Breaking the surface of silence : the essays and journalism of Virginia Woolf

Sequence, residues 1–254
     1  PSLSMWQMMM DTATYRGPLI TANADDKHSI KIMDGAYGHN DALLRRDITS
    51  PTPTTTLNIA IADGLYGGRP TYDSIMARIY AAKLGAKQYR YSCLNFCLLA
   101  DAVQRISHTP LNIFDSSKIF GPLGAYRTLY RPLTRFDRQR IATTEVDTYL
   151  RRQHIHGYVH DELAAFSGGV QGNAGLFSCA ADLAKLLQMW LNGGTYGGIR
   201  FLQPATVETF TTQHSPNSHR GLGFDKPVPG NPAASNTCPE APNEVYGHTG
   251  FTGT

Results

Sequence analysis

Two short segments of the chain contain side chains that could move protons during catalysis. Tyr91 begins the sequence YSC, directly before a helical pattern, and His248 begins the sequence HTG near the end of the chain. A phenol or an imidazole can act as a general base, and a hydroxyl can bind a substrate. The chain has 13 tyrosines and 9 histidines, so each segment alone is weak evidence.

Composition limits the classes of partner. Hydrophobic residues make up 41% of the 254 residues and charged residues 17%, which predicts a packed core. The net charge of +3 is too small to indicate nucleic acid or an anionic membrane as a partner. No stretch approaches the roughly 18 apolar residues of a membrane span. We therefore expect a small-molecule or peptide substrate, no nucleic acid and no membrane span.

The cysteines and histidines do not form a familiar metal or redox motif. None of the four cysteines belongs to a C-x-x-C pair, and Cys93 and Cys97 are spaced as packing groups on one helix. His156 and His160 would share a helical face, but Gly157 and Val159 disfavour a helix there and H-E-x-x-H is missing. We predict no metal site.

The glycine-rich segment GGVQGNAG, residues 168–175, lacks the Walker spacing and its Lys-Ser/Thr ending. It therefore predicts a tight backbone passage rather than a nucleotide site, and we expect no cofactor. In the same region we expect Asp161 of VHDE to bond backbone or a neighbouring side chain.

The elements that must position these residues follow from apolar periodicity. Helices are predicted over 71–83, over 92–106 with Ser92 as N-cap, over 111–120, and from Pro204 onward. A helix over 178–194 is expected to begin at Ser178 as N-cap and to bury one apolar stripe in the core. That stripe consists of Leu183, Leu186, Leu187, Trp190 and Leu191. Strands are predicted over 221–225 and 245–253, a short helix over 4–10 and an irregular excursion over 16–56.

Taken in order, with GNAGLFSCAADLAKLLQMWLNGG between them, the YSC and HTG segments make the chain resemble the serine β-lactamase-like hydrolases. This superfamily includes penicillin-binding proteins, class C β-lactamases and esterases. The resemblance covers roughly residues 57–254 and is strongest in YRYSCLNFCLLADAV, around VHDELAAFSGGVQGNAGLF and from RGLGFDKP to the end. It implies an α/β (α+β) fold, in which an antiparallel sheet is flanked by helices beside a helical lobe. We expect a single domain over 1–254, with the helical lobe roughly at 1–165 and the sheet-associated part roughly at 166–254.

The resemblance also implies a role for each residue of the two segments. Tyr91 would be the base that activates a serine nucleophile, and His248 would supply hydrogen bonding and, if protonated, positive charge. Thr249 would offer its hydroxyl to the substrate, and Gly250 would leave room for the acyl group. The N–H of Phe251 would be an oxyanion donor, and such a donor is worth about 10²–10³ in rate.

This thesis investigates the non-fiction of Virginia Woolf, a writer who is viewed primarily as a novelist. In so doing it shifts the critical perspective on Woolf as a literary figure and on her often overlooked non-fiction works. Through an analysis of the historical and material circumstances which conditioned her non-fiction — looking at the prose as 'journalism' — it locates Woolf in the culture of the period known as Modernism, thus positioning her as a figure capable of both commenting upon, and revealing, the relationship between 'literature' and 'literary history'. Through an analysis of Woolf's textual practice — looking at the prose as literary 'essays' — this thesis examines the relationship between gender and genre in writing, determining whether Woolf succeeds in creating a gendered subjectivity in writing. Because it is concerned with notions of culture and language in relation to a major woman writer in the twentieth century literary canon, this thesis also engages with the works of cultural and post-structural theorists, especially as they intersect with feminist literary theory. Working on Virginia Woolf as an essayist and journalist, therefore, allows the critic to audit and contribute to contemporary debates in critical theory, whilst reassessing the writings by, and construction of, a canonical woman writer.